Human Trafficking

29 Nov, 2020

From November 25th to December 10th is UN’s 16 days of Activism against gender-based violence. There are many ways to engage in activism. I find for me, one of they ways I like to do that is by drawing awareness to systemic issues that foster conditions for gender-based violence to happen. Over the next 6 days I will be writing posts about the various ways that the government has/ does actively participate in trafficking in persons.  There are absolutely more ways then the ones I will list that the government participates in the exploitation of humans so definitely this list will not be exhaustive.

Why is it important to understand the legacy of human trafficking?

For me I think when I learn or reflect on the ways that the government has harmed others it helps me for a few reasons, as a survivor it helps me to better make sense of the vulnerabilities that I had leading up to the various types of violence I have experienced. Particularly, how I was groomed to be trafficked and why it has been so challenging to heal the wounded parts of myself. My hope is that other survivors might connect with these understandings and in some small way lift even a tiny portion of the shame that we carry as a result of what happened to us.

Second, I honestly believe that we can not as a country move forward with healing the wounded parts of our nation without first acknowledging the harms that the government has caused and continues to cause.  I feel it is from that place of really pulling back the layers of harm and examining how that harm still plays out today that we can begin to heal in long lasting ways. There are many different individuals, communities and organizations doing the extremely hard work to hold government accountable and demand change.  Some powerful movements that have demanded these changes and are still demanding them are indigenous peoples  here is a link to the National Inquiry for Missing and Murdered Indigenous Women and Girls, and the  and the Black Lives Matter movements .  So I would wonder if the idea of addressing big issues on a superficial level might be a patriarchal, colonial  way of operating.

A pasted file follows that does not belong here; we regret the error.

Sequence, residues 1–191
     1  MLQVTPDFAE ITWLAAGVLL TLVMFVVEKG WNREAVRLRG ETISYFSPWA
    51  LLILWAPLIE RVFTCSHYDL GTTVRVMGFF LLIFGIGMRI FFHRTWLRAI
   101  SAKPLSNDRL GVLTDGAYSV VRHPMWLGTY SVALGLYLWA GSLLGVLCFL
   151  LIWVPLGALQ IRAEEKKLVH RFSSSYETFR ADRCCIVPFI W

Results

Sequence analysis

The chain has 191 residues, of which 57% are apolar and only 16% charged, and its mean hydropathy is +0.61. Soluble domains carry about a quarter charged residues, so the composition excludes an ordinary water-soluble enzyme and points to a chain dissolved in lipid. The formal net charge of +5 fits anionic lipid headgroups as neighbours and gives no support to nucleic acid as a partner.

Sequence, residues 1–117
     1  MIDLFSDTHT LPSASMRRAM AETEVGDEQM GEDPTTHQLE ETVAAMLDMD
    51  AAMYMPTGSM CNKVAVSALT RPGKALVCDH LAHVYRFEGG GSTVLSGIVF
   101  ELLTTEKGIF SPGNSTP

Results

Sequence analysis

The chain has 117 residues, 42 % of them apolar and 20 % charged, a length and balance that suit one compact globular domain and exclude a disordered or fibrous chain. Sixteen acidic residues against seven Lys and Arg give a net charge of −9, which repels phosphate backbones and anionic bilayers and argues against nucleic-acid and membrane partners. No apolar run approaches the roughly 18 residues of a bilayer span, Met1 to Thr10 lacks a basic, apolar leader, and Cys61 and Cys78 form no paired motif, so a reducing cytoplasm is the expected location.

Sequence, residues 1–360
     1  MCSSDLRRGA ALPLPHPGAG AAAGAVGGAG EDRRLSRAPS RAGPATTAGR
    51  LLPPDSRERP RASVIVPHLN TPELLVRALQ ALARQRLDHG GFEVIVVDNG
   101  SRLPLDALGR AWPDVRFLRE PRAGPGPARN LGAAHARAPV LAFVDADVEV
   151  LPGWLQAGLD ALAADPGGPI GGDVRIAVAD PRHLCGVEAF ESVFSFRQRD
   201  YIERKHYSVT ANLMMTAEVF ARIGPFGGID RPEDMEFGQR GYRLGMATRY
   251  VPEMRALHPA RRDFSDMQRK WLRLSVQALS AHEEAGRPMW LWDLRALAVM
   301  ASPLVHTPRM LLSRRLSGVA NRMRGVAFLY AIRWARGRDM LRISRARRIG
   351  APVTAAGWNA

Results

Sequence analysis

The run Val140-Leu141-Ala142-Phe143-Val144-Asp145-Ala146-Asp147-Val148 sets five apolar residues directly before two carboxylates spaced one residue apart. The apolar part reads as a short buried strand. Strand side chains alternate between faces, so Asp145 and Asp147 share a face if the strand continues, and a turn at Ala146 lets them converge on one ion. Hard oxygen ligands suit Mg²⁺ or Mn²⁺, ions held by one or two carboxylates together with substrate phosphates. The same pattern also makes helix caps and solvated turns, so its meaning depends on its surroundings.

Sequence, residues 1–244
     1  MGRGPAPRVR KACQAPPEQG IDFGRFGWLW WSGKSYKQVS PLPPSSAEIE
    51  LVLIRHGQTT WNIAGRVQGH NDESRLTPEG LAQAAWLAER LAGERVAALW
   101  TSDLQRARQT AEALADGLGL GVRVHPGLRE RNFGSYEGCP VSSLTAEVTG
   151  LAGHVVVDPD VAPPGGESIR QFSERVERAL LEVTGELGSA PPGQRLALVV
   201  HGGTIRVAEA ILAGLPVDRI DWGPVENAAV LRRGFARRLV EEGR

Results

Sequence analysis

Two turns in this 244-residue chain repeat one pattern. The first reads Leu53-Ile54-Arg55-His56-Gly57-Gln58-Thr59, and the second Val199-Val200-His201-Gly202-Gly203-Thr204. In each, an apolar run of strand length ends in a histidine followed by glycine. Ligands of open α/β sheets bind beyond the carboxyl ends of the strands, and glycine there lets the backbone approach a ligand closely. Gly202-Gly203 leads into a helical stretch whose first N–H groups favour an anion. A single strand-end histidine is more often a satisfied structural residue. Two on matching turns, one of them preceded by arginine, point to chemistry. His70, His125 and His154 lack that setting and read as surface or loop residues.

Finally, I am so grateful to have learned over time that one single person can make huge waves of change so if what I write motivates anyone to share or talk about with someone else things will continue to move. The anti-trafficking movement has gotten much louder over the past 10 or so years. Yet to me, I feel there is a large gap in systemic adjustments. I feel that although education and  prevention is important, if we do not really examine the root causes then we leave many survivors with a sense of “I should have known better because I was taught about trafficking.”  This shame is the systems shame it is not ours. We need as much systemic shifts maybe even more than the education and responding shifts that we are seeing.

When the governments are giving out pennies in comparison to the income that has been made off the exploitation of others. To me that is not a real attempt at change.

So  over these next 6 days I will share some of the things I have learned about Canada’s legacy of exploitation in an attempt to further motivate activism and in some small way, help others release some of the blame that can be carried. 

Please follow along over the next few days and engage with this blog what are your thoughts and feelings? Feel free to share any resources you might have or add to this dialogue. Finally, please share on your social media networks!